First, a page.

Minnesota News Briefs: Flu cases around the state continue to riseMinnesota News
-- The number of influenza cases in Minnesota continues to rise…with now more than 900 people hospitalized with the flu.
MANKATO, Minn. - The number of influenza cases in Minnesota continues to rise…with now more than 900 people hospitalized with the flu.
Last season, the state saw 552 cases and there were 965 the season before that and 285 three years ago. Southwest Region Minnesota Epidemiologist Brad Krier says the numbers continue to change daily. Krier says he expects the death toll to go up as recent deaths are evaluated. Updated weekly flu numbers are expected to be released later today by the Minnesota Department of Health.
The increasing number of flu cases statewide is prompting some hospitals and clinics to place restrictions on visitors. On Wednesday, 14 southern Minnesota hospitals implemented such limits. The state Health Department's Kris Ehresmann says if you have flu symptoms, you should stay home. Ehresman adds those with underlying health conditions should be in touch with their health care provider early on. More than 600 people have been hospitalized with flu-like symptoms so far this year in Minnesota--and five people, including two teenagers, have died.
The Dayton Administration plans to redouble its efforts to speed up the permitting process for businesses in the state. The governor issued an executive order two years ago that called on the DNR and Minnesota Pollution Control Agency to issue permit decisions with 150 days. Chief of Staff Tina Smith told the Minnesota Chamber of Commerce last night the new goal is to deliver permits within 90 days or less. She says the new measure of efficiency will be good for business, good for our environment and "just plain good government." Ninety-day permits will be issued for activities such as storm water projects while the 150-day window will be designated for more complex permits.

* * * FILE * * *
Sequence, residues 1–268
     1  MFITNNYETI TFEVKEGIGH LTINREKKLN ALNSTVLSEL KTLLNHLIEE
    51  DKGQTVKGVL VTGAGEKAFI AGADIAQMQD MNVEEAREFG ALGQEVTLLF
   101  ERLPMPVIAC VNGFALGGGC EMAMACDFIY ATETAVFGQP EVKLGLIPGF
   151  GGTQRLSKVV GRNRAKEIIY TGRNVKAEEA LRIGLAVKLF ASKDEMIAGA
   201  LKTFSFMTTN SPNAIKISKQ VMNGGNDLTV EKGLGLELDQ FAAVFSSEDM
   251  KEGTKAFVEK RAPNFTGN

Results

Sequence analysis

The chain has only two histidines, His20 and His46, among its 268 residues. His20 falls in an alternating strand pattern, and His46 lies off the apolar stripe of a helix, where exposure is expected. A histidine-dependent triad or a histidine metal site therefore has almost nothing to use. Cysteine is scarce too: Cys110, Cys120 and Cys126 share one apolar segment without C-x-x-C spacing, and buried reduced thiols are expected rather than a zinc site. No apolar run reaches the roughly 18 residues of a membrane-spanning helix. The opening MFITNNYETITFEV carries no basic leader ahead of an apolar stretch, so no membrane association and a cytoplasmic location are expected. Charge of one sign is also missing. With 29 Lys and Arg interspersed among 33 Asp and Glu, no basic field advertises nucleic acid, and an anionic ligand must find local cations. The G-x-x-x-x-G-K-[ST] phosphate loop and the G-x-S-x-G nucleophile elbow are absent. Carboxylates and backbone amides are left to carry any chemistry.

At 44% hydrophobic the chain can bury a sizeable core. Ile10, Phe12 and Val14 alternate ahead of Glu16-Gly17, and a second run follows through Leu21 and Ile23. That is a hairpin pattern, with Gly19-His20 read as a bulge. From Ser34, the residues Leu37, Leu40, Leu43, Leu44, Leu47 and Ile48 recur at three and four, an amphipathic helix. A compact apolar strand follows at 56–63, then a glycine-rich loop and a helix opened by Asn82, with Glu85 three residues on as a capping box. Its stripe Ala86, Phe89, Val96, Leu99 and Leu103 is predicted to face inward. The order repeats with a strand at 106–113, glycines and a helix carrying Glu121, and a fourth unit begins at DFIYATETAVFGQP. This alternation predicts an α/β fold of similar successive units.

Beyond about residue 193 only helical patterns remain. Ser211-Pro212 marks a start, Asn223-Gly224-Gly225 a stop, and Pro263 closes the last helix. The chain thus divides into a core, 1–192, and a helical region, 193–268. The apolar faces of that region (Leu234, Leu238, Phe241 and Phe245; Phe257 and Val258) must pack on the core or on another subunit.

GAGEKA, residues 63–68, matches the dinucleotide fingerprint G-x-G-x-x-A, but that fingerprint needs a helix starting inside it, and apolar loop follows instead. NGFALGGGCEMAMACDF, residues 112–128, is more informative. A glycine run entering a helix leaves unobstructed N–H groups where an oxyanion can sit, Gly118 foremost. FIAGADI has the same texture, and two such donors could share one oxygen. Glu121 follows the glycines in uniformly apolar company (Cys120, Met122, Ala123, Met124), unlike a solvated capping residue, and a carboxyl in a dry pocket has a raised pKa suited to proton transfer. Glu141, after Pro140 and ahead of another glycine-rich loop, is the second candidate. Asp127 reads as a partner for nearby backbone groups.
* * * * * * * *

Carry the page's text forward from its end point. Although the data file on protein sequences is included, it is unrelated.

The Sturgeon Lake rest stop off Interstate 35 is back open after a person was found dead in a vehicle late Wednesday afternoon. Minnesota State Patrol Lt. Eric Roeske says the individual left a suicide note warning against opening the vehicle because it contained toxic gases. Roeske says a trooper on the scene may have been exposed to the chemical mixture and was treated at a local hospital and released. A hazardous material team was brought in and the rest stop was decontaminated before re-opening.
Minnesota-based Supervalu is selling off five of its grocery chains for an estimated $3.3 billion. The deal includes about 900 stores, but Cub Foods is not among them. Supervalu is selling Albertsons, Acme, Jewel-Osco, Shaw's and Star Market stores to an investor group. The company will continue operating as a food wholesaler and retain several grocery chains. Supervalu stock was up in trading today.
Law enforcement, elected officials and advocates from the Upper Midwest are at a daylong Regional Gun Summit today in Minneapolis. Mayor R.T. Rybak says they all want to reduce gun violence in their communities. Rybak says Minneapolis had a horrendous tragedy at Accent Signage and other communities have seen violence as well. Rybak says they need to figure out ways to prevent mass shootings with assault-style weapons and clips. He and Milwaukee Mayor Tom Barrett have been planning this event for more than a year.